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dr. E.C. (Esther) van der Waal

Postdoctoral researcher
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Esther van der Waal is a postdoctoral researcher based at the University of Groningen. She has a background in spatial sciences as well as science and technology studies.

She pursued her PhD at the Integrated Research on Energy, Environment and Society Group at the University of Groningen. This work focuses on the transformative potential of local energy initiatives as innovators in the energy transition.

Her research interests include local energy initiatives, socio-technical innovation, social impact analysis, social studies of energy sustainability, local embedding of technology, energy policy, and interactive and participative planning as well as governance.

She currently works on the EU Horizon 2020 project COMETS, COllective action Models for Energy Transition and Social innovation, and the CREDS project on Social entrepreneurship at the grid edge. Both projects focus on bottom-up, community-led energy innovations.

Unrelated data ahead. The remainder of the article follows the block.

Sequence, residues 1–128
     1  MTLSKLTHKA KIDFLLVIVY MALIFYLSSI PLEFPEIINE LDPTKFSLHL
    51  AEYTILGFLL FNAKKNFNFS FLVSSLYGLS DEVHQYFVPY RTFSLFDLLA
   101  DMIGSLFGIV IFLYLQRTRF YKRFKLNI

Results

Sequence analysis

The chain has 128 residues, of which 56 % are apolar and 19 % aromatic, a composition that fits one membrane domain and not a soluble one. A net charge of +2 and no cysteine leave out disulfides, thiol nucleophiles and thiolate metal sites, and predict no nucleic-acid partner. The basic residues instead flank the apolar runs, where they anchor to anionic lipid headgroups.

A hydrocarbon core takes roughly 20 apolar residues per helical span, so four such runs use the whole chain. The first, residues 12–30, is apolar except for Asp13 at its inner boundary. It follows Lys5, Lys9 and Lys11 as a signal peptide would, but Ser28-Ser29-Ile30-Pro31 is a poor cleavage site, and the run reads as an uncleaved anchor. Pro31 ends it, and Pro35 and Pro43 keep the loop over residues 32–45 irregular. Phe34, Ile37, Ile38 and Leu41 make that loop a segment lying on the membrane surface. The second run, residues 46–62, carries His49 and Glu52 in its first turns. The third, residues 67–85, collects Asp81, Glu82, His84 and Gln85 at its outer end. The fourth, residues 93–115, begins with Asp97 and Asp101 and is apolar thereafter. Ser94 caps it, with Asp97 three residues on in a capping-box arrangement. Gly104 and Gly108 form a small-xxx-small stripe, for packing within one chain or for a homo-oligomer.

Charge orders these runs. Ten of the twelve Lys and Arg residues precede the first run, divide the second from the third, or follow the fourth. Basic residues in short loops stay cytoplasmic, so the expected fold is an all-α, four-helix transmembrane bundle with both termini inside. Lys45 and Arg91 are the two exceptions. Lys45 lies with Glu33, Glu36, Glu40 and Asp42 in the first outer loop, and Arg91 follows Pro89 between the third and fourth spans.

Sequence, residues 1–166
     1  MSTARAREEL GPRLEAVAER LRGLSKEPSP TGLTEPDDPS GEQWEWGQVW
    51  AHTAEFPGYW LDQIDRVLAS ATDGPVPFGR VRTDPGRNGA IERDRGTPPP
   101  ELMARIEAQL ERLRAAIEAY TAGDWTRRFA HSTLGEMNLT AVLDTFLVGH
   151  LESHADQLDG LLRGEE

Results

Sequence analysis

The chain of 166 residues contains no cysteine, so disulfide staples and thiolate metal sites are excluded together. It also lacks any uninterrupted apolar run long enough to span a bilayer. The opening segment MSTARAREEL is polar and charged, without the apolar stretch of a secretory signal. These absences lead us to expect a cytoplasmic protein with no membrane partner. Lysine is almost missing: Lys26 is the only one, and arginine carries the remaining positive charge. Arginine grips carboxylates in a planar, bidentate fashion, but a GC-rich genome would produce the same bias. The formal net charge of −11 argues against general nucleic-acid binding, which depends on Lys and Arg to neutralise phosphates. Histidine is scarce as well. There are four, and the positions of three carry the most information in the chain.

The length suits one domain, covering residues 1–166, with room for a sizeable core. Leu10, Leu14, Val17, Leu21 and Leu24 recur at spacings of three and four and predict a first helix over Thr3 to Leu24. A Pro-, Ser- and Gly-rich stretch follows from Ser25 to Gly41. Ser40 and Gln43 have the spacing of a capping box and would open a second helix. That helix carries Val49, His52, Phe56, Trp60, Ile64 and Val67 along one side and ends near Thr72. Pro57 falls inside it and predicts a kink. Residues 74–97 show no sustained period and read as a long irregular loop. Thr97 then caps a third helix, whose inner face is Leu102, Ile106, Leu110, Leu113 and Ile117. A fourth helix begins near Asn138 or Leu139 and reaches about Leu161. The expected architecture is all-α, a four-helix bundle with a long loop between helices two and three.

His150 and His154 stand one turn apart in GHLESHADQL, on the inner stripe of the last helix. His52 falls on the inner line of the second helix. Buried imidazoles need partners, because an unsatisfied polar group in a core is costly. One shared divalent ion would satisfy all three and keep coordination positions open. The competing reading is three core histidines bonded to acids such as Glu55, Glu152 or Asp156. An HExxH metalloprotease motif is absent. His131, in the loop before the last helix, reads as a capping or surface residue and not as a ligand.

COMETS (text from project website):

There are large knowledge gaps around the governance of the low carbon energy system transition in a smooth and participative way, ensuring that citizens are at the centre of the required fundamental transformation and enabling the full efflorescence of their creative potential.

Social innovation is a prime way to tap into that potential while Collective Action Initiatives (CAIs), a social innovation in itself, are a prime way to mobilize people and to ensure the acceptance for and participation in the necessary transition process. However, both social innovation and CAIs lack proper scientific and field-tested understanding of their development and factors for success.
COMETS is filling the knowledge gaps around citizen engagement in the energy transition to renewable sources by investigating and quantifying the aggregate contribution of Collective Action Initiatives (CAIs) in the energy sector at both national and European levels.

CREDS project (text from project website): 

Demand-side response and collective self-consumption can match local demand-to-supply, opening up opportunities for more distributed renewable electricity generation. Drawing on place-based entrepreneurship theory and critical infrastructure studies, this project provides an evidence base of how community groups are responding to such opportunities appearing ‘at the grid edge’. We compare two national contexts: the Netherlands where there is regulatory support for community-led innovation, and the UK where there is less support. We then work with diverse community groups in Newham to co-design collective self-consumption projects that contribute to Newham’s climate strategy and generate local value.


Last modified:24 March 2023 07.45 a.m.